Unsupervised Transfer of Semantic Role Models from Verbal to Nominal Domain

Yanpeng Zhao, Ivan Titov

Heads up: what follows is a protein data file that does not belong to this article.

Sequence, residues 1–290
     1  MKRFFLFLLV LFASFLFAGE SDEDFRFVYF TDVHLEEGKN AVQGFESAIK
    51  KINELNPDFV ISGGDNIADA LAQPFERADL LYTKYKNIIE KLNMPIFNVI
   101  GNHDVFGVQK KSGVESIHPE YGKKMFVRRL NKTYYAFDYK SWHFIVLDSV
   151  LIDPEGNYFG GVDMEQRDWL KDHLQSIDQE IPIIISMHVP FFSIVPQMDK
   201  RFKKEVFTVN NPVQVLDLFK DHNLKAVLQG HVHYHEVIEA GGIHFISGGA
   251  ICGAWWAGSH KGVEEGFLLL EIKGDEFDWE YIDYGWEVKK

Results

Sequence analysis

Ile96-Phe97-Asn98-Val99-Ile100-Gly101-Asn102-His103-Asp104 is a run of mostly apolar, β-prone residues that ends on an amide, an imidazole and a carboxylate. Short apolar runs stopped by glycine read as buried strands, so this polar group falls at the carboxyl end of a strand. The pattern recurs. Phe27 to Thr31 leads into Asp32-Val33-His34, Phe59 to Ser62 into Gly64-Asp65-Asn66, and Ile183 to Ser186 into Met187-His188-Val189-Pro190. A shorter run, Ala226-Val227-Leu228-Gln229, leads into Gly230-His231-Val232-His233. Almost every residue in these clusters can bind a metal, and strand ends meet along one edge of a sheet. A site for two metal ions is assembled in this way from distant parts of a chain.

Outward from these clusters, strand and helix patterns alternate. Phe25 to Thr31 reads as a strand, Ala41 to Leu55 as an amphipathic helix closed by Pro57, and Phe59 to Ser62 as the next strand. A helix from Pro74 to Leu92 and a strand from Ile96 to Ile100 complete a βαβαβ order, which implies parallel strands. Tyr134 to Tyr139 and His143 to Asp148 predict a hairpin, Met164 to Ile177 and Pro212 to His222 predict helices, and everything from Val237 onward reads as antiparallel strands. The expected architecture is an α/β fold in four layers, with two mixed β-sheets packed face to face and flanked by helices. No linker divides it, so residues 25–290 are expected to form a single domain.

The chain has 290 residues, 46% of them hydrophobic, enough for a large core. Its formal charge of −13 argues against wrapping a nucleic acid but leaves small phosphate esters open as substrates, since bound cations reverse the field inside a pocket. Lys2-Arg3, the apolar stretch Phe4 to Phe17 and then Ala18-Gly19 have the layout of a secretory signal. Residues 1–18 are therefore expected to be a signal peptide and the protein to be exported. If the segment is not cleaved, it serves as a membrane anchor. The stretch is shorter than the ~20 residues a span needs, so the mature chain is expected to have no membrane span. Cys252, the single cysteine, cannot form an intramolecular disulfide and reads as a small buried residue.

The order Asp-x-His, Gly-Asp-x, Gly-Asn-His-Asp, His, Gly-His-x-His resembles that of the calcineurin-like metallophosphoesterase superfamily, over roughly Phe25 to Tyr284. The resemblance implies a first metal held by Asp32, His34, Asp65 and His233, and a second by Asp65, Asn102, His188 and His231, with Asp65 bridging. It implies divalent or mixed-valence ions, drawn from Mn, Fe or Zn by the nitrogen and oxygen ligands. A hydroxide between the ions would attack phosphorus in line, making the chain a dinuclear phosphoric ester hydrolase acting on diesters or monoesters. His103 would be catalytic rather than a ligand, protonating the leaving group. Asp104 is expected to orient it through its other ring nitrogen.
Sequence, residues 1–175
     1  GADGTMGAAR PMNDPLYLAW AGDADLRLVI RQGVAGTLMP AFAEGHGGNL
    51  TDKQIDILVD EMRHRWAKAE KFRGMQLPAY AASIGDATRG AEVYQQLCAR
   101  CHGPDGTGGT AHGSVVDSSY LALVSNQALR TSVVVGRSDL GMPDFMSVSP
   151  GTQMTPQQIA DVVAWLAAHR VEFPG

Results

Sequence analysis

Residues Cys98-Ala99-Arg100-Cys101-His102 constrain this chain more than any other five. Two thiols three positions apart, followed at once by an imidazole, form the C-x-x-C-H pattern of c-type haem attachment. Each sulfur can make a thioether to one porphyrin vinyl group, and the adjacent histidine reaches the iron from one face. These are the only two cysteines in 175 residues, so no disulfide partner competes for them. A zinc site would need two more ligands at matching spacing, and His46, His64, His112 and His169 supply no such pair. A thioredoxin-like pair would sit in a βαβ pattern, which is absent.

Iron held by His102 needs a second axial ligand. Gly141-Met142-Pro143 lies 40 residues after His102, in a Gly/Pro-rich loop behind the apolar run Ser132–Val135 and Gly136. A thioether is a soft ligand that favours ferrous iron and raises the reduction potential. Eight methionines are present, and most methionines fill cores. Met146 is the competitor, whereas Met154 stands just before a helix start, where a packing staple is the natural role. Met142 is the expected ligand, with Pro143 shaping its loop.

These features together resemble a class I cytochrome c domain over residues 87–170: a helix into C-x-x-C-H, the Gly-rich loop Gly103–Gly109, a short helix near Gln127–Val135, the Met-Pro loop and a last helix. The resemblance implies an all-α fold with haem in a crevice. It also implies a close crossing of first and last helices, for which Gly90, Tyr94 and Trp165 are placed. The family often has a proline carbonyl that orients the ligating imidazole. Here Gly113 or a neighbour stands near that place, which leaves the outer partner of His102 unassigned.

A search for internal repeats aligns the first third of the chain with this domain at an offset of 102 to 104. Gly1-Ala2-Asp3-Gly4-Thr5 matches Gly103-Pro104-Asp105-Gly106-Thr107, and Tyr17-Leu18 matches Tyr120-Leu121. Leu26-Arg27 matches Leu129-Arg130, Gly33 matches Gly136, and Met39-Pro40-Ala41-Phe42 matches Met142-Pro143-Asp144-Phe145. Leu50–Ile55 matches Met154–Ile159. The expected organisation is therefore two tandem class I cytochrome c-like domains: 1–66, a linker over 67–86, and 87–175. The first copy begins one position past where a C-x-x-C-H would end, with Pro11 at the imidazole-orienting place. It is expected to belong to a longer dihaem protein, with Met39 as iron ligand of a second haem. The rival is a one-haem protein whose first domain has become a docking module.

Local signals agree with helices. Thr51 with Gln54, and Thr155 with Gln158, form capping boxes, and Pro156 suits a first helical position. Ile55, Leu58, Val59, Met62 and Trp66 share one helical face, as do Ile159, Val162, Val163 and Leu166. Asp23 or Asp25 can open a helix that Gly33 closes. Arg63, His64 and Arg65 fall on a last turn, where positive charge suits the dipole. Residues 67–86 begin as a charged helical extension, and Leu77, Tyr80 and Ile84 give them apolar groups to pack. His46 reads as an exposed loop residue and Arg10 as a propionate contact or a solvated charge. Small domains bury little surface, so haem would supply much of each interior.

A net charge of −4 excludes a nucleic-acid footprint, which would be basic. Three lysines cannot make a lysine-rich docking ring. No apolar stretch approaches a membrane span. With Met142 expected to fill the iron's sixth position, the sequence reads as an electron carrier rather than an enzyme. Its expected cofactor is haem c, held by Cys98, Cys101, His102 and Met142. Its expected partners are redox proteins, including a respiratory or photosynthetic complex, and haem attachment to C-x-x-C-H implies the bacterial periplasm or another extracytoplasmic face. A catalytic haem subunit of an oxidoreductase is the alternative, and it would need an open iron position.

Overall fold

Semantic role labeling (SRL) is an NLP task involving the assignment of predicate arguments to types, called semantic roles. Though research on SRL has primarily focused on verbal predicates and many resources available for SRL provide annotations only for verbs, semantic relations are often triggered by other linguistic constructions, e.g., nominalizations. In this work, we investigate a transfer scenario where we assume role-annotated data for the source verbal domain but only unlabeled data for the target nominal domain. Our key assumption, enabling the transfer between the two domains, is that selectional preferences of a role (i.e., preferences or constraints on the admissible arguments) do not strongly depend on whether the relation is triggered by a verb or a noun. For example, the same set of arguments can fill the Acquirer role for the verbal predicate `acquire' and its nominal form `acquisition'. We approach the transfer task from the variational autoencoding perspective. The labeler serves as an encoder (predicting role labels given a sentence), whereas selectional preferences are captured in the decoder component (generating arguments for the predicting roles). Nominal roles are not labeled in the training data, and the learning objective instead pushes the labeler to assign roles predictive of the arguments. Sharing the decoder parameters across the domains encourages consistency between labels predicted for both domains and facilitates the transfer. The method substantially outperforms baselines, such as unsupervised and `direct transfer' methods, on the English CoNLL-2009 dataset.

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